Toxicological testing by the FAA Civil Aeronautical Medical Institute detected Nortriptyline in the pilot's liver. This is a prescription antidepressant used in the treatment of major depression and for certain chronic pain conditions; it is not normally used for intermittent pain. The pilot did not report the medication during her FAA medical certification examination or on her medical certificate application; pilots taking this medication are not eligible for FAA medical certification. A warning associated with this medication stated that it may impair mental and/or physical ability required for the performance of potentially hazardous tasks. However, the degree to which the pilot may have been impaired from the medication could not be determined.

The National Transportation Safety Board determines the probable cause(s) of this accident to be:
The pilot's decision to conduct the flight into a region of reported moderate to severe turbulence and icing conditions, followed by a loss of airplane control and an aerodynamic spin from which the pilot did not recover.

HISTORY OF FLIGHT

On March 20, 2011, about 1234 Pacific daylight time, a Cessna P210N Silver Eagle, N50MC, was substantially damaged when it departed from cruise flight and impacted rocky desert terrain about 2 miles south of Barstow-Daggett Airport (DAG), Daggett, California. The certificated private pilot/co-owner and her two passengers were fatally injured. The personal flight was operated under the provisions of Title 14 Code of Federal Regulations Part 91, and was operating on an instrument flight rules (IFR) flight plan from John Wayne Airport-Orange County (SNA), Santa Ana, California, to Henderson Executive Airport (HND), Las Vegas, Nevada. Instrument meteorological conditions existed for portions of the flight route and altitudes.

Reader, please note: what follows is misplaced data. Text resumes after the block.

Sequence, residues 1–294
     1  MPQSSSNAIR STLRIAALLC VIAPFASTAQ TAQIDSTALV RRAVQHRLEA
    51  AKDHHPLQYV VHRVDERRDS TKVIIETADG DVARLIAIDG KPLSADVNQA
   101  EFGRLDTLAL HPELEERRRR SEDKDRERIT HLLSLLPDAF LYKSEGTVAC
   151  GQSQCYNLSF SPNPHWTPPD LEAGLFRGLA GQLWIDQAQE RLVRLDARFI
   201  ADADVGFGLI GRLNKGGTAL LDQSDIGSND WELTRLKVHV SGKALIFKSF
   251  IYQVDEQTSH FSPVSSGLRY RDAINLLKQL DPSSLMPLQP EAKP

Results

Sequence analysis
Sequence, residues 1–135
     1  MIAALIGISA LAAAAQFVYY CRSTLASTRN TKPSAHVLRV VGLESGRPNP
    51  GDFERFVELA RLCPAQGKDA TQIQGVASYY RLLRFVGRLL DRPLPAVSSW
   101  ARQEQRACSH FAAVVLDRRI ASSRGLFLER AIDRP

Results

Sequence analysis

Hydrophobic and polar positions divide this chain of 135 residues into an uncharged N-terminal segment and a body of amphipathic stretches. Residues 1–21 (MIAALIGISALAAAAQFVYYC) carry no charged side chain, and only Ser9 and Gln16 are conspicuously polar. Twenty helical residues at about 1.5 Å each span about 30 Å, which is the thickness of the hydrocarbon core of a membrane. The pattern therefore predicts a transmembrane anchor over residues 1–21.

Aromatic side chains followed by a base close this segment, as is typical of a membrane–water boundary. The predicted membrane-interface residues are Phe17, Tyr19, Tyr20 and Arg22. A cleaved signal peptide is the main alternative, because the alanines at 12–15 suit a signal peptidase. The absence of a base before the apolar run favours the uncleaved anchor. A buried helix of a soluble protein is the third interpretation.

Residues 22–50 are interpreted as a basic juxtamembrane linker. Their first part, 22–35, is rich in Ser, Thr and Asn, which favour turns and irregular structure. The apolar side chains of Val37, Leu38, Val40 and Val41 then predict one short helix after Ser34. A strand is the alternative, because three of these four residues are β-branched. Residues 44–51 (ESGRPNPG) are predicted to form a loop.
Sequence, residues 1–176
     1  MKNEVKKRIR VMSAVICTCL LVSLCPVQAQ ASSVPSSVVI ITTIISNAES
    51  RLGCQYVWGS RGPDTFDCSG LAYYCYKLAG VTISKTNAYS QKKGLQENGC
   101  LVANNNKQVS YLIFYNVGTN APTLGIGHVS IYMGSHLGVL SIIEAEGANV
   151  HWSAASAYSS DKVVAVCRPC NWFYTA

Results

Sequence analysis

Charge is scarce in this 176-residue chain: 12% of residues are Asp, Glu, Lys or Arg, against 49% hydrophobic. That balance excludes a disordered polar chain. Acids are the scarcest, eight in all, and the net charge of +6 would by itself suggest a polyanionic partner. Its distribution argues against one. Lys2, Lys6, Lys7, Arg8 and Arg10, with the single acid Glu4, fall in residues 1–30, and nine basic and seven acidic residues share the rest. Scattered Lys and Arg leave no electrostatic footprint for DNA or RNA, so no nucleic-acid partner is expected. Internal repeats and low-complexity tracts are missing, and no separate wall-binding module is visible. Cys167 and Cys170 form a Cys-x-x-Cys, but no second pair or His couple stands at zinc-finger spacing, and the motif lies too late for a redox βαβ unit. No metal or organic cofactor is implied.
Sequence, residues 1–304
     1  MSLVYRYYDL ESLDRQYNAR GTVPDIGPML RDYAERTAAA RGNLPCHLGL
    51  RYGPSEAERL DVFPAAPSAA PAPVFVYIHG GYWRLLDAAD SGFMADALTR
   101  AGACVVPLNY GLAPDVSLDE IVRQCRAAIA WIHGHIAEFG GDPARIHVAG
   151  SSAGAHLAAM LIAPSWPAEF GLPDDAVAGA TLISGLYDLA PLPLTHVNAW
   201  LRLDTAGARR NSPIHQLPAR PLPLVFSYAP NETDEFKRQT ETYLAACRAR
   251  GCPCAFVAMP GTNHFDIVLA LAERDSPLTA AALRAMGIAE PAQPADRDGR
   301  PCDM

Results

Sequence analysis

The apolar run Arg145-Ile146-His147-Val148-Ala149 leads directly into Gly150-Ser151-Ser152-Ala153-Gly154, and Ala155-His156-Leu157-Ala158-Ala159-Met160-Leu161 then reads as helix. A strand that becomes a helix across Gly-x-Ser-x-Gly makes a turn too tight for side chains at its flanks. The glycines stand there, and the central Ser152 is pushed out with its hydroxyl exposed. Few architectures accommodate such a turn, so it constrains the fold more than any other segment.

According to the husband of the pilot, they co-owned the airplane, and they lived and based the airplane in Truckee, California. A few days before the accident, the pilot flew herself and their two children to SNA to visit friends. The accident flight was the first leg of the return trip to Truckee; the pilot had planned the stop at HND as another personal visit.

About 0700 on the morning of the accident, the fixed base operator (FBO) at SNA topped off the main fuel tanks of the airplane, in accordance with the pilot's request. Later that morning, the FBO shuttle van picked up the pilot and children at the main terminal of SNA, and stopped at a local fast food restaurant to obtain meals for the children, before continuing to the FBO. According to the driver of the shuttle, they arrived at the FBO about 1100. The pilot informed the FBO personnel that she had to "check the weather" and take care of other "paperwork" before she could be taken to the airplane, which was parked remotely from the FBO office. At least one FBO employee observed the pilot at the computer in the FBO pilot lounge/computer room. After that, the pilot, her children, and their luggage were driven to the airplane. The driver only observed the initial portion of the loading, and no one from the FBO observed the preflight inspection or departure of the airplane. The driver reported that the pilot was not talkative, and that she told her coworkers that the pilot seemed "kind of sad."